Flexible Compaction Strategies Balance Read and Write Performance
The LSM tree-based storage engine first writes data to a MemTable in memory and then merges the data with that in an SSTable on disk to release the memory. This process is called data compaction. To improve the data write performance, an LSM tree-based storage system usually distributes SSTables on multiple layers. When the number or size of SSTables on a layer reaches the specified threshold, they are merged into an SSTable in the next layer. This hierarchical SSTable structure does ensure efficient data write but slows down the query performance significantly if too many SSTables exist. OceanBase also adopts such a structure but supports more flexible compaction strategies to keep a moderate number of SSTables and achieve balanced read and write performance.
Isolation Between Foreground and Background Resources Ensures Stable Read and Write Performance
To reduce the impacts of data compaction and other resource-consuming background tasks on user queries and data writes, OceanBase isolates the CPU, memory, disk, and network resources for foreground tasks from those for background tasks. Specifically, background tasks and user requests are processed by threads from different pools and thread pools are isolated based on their CPU affinity. The memory is divided into different spaces to cache foreground and background requests separately. The deadline algorithm is employed to control the disk input/output operations per second (IOPS) of background tasks. To optimize bandwidth usage, remote procedure calls (RPCs) of background tasks and those of user requests are forwarded to different queues, and the traffic of background RPCs is controlled.
Paxos Protocol and Multi-type Replicas Implement Service High Availability (RTO < 30S)
OceanBase ensures the high availability of system services based on the majority consensus built by the Paxos protocol.
As per the Paxos protocol, a leader can be elected when the majority of replicas reach a consensus. Minority replicas are not eligible to elect a leader.
In addition, if the leader fails, a new leader can be elected from the remaining followers to take over the service as long as the majority of them reach a consensus. The old leader cannot be elected as it is apparently not a member of the majority.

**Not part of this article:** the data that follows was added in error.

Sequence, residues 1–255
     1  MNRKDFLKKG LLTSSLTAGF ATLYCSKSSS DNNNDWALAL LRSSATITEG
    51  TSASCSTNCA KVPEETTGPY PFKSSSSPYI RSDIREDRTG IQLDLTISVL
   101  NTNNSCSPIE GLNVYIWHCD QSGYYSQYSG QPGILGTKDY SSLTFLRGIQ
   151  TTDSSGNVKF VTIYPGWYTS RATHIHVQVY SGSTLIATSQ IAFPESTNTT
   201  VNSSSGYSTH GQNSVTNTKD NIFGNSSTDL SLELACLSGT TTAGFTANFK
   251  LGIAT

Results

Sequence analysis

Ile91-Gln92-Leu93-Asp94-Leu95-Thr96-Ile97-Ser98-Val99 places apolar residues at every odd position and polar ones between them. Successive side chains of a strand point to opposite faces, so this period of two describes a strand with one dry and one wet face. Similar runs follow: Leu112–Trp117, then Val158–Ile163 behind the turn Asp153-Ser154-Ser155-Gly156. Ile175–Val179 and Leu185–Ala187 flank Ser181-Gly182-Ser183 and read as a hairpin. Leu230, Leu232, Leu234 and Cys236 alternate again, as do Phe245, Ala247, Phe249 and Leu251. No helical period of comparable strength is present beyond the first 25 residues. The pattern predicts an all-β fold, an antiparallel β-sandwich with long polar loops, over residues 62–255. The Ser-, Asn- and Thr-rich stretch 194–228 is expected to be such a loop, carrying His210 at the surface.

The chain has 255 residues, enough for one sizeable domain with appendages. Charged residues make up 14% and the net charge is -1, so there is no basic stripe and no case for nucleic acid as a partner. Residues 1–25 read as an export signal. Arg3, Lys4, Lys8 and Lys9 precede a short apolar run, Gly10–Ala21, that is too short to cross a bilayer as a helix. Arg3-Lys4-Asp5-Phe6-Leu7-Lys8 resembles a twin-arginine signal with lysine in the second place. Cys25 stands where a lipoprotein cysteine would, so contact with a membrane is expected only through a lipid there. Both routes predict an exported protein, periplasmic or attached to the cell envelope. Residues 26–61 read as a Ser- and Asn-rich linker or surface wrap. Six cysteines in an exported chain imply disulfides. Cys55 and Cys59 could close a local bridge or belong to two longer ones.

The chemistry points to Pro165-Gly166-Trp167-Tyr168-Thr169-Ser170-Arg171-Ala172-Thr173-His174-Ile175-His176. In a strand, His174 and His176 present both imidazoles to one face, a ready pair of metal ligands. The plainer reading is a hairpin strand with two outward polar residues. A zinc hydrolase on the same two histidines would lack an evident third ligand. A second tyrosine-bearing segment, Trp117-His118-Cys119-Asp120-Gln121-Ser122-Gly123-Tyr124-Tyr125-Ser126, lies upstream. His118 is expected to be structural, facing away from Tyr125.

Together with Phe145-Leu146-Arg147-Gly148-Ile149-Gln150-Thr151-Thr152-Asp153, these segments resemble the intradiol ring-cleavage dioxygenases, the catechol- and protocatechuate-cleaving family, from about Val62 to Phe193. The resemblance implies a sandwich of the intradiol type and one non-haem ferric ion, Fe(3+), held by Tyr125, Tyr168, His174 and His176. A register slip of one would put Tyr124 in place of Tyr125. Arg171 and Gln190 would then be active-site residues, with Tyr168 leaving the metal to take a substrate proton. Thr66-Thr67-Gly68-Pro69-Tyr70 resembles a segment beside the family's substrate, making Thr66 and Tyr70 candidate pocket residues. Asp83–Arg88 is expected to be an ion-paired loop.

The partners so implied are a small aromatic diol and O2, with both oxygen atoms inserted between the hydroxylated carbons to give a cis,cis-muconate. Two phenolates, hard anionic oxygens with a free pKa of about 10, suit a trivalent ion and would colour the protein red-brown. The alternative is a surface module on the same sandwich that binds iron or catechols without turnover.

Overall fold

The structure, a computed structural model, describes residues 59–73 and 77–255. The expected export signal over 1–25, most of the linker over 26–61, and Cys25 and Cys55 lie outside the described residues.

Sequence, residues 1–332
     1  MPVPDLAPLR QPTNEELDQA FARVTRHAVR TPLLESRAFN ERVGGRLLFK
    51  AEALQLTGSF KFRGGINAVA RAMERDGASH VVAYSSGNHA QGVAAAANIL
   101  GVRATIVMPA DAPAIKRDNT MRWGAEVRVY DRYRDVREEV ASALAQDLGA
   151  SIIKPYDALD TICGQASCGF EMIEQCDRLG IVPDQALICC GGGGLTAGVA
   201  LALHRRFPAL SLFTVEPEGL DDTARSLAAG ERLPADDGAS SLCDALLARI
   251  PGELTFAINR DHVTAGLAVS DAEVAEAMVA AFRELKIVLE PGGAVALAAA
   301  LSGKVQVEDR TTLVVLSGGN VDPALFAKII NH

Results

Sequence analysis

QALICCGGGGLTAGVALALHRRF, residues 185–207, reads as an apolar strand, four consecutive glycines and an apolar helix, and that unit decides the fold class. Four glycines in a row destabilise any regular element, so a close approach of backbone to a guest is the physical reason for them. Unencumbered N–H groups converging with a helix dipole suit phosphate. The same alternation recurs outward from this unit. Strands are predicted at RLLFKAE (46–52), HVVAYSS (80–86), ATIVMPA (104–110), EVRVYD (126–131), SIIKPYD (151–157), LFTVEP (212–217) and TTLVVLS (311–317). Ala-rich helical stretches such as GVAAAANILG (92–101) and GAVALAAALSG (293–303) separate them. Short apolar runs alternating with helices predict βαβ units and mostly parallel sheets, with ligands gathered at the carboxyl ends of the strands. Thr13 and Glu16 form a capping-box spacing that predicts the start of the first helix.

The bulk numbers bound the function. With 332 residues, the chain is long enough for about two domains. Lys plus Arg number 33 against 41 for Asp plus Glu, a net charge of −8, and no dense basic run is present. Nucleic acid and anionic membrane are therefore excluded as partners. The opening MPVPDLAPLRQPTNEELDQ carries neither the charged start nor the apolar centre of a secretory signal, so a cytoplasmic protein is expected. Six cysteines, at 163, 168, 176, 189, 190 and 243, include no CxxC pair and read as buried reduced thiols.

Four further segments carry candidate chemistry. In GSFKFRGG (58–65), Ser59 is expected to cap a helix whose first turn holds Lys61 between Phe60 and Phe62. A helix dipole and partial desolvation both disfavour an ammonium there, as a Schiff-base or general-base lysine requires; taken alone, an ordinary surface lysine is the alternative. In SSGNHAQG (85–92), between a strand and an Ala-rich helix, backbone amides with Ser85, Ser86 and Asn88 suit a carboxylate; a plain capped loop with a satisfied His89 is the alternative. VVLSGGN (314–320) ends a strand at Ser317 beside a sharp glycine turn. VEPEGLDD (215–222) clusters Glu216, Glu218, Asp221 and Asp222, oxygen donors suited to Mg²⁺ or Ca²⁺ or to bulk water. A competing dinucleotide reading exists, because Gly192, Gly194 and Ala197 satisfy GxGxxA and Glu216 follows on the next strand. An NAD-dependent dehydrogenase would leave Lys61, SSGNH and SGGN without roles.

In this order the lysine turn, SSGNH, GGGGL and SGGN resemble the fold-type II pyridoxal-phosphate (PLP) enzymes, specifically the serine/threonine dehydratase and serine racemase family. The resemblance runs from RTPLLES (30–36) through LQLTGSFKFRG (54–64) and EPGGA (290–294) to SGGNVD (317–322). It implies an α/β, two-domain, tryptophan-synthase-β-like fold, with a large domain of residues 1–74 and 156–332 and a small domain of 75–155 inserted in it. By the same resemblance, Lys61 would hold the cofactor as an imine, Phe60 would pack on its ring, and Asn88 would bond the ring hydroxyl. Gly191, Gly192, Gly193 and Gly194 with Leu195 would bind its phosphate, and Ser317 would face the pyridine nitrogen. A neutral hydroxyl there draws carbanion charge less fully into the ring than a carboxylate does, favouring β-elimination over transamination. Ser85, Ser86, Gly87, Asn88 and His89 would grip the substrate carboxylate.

It is clear that the Paxos protocol plays a dominant role in maintaining high system availability:
- Technically, it guarantees that the system has only one leader at any given time, making split-brain impossible.
- As split-brain is no longer a concern, followers can automatically trigger the election of a new leader to replace the current leader that fails. The process is performed without user intervention.
In this way, the recovery time objective (RTO) is reduced to less than 30 seconds.
3. SQL Engine Optimization Improves Read and Write Performance
In a client-server model, an SQL statement goes through a long processing cycle after it is sent from the client. It is transmitted, optimized, and executed before the result is returned to the client. However, it is often that an SQL statement is executed only to update a single field. In this case, the execution step takes a very short period of time. A great deal of time is consumed in the interaction with the client, resulting in the waste of resources and time. So, how do we solve this problem? The answer is stored procedure.
Stored Procedures Reduce Network Overhead for Transactions
A stored procedure is a procedure-oriented programming language provided by the database. Users can use this language to encapsulate the logic of an application into a procedure, which is stored in the database and can be called at any time.
In this way, a task used to take several application-database interaction cycles can be completed in a single cycle, saving the time consumed in network transmission and queuing.